"Using the Bullpup as an example, we animated at 242 frames per second, which gives us 22 frames per shell that ejects out of the weapons," Munk tells me. "The weapon shoots at 660 rounds per minute, which equals 11 rounds per second. In slow-mo you can actually see every kickback. In realtime you can't see these details but it makes the guns feel more powerful. We've come up with a formula to calculate: we have a weapon, this is its rate of fire—how many frames to do want to have per actual kickback, to make sure the fidelity of it is absolutely perfect? To my knowledge, no game is doing something like that, or would even think it would be worth doing something like that."

Gibson breaks it down. "At this rate of fire, you'd have one frame of animation to shoot. To put that in perspective, if you've ever done one of those little flipbook animation things, a frame is essentially one page. So you'd have one page to represent the barrel wiggling, the shell ejecting, the bolt moving back. It's a small touch, but it adds to the feel of it really happening."

Gibson gets even more excited about KF2's new gun technology when he talks about weapon accuracy and recoil. Most games, he explains, represent accuracy with a bullet spread. Less accurate guns will have a wider spread on their bullets, so planting your crosshair dead center on a target doesn't guarantee a hit. "We wanted to actually have the gun physically move instead of having some magic number that you tweak that makes the bullets go in random directions. The gun's accurate; if you can manage to keep your sights on an enemy, you will hit it. The crosshair's just moving around, but wherever that crosshair is, that's where the bullet's actually going."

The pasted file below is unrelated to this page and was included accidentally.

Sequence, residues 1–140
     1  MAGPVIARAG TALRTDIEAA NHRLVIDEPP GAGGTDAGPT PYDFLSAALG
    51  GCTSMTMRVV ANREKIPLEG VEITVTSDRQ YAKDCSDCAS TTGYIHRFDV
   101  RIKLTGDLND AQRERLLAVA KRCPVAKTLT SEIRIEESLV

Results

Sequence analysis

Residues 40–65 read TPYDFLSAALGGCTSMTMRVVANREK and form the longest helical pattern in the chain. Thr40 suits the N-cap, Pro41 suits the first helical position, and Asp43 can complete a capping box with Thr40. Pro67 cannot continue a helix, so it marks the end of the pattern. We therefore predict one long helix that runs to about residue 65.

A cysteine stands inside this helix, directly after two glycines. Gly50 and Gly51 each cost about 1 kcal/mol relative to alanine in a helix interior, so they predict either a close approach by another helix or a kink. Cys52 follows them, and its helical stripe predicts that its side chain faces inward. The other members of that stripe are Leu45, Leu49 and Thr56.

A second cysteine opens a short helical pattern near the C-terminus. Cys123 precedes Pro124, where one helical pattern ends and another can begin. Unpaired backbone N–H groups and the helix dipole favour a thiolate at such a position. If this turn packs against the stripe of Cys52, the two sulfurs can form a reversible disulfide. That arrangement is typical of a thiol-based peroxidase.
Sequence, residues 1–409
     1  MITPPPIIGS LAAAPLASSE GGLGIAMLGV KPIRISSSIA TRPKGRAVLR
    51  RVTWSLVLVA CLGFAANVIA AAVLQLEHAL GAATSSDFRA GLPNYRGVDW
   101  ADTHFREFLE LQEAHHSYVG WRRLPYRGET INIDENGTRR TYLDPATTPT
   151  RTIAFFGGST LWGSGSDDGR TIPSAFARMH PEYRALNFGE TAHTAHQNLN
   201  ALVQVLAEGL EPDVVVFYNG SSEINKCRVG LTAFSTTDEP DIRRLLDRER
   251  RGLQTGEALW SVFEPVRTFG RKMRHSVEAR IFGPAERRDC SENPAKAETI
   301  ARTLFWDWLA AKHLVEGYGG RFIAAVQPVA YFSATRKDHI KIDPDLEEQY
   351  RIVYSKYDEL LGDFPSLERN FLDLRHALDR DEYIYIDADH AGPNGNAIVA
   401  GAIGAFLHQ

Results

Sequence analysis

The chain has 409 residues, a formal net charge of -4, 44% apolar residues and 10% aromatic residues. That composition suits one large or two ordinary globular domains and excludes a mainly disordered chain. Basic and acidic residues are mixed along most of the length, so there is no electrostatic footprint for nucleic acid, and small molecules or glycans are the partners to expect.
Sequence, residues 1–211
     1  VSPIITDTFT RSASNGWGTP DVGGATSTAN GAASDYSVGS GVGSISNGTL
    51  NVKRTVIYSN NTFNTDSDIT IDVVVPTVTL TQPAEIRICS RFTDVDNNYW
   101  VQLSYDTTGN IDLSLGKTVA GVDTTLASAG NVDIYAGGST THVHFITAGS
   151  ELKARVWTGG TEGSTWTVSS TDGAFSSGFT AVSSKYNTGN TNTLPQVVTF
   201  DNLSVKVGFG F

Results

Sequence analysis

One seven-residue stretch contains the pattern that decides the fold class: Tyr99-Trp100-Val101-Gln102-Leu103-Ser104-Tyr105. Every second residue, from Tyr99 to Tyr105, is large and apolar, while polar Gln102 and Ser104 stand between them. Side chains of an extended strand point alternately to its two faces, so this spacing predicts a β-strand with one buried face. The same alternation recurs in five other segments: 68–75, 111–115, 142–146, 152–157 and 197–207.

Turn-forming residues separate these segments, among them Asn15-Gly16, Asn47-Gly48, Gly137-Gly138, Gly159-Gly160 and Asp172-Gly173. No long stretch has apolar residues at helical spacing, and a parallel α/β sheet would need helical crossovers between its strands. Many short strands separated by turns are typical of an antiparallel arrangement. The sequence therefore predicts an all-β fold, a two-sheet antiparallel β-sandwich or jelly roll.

For the motion captured weapon reloads in KF2, Tripwire researched speed reloads on Youtube, watching and imitating the reload tricks of modern gunslingers. Each gun in the game has four different reload animations: two regular and two faster "elite" reloads, based on whether a magazine is partially full or empty. The elite reloads are locked behind perk abilities: you'll have to earn them.

The SCAR returns from Killing Floor. Gibson owns the real thing.

There's a noticeable difference in speed between the regular reloads and elite reloads with rifles like the Bullpup, which will be a lifesaver in tough Killing Floor 2 matches. Munk promises that other weapons will have reloads that are as ridiculous and badass as they are useful.

Tripwire motion captured every reload to create third person animations. But Killing Floor is a first-person shooter. Munk is proud when he talks about how they used the motion capture recordings.

"The raw mocap data just gets authored two separate ways to create the third- and first-person [animations]," he says. "Creating third [person] is actually way easier. If a guy's moving and shifting his weight, it's great, but in first person it's really weird...it feels really awkward and stiff. That's one reason why Arma feels really awkward. In third-person they're using the first person animations, so it doesn't feel like it's been specifically edited for that. We've massaged it so it's perfect for what we're doing."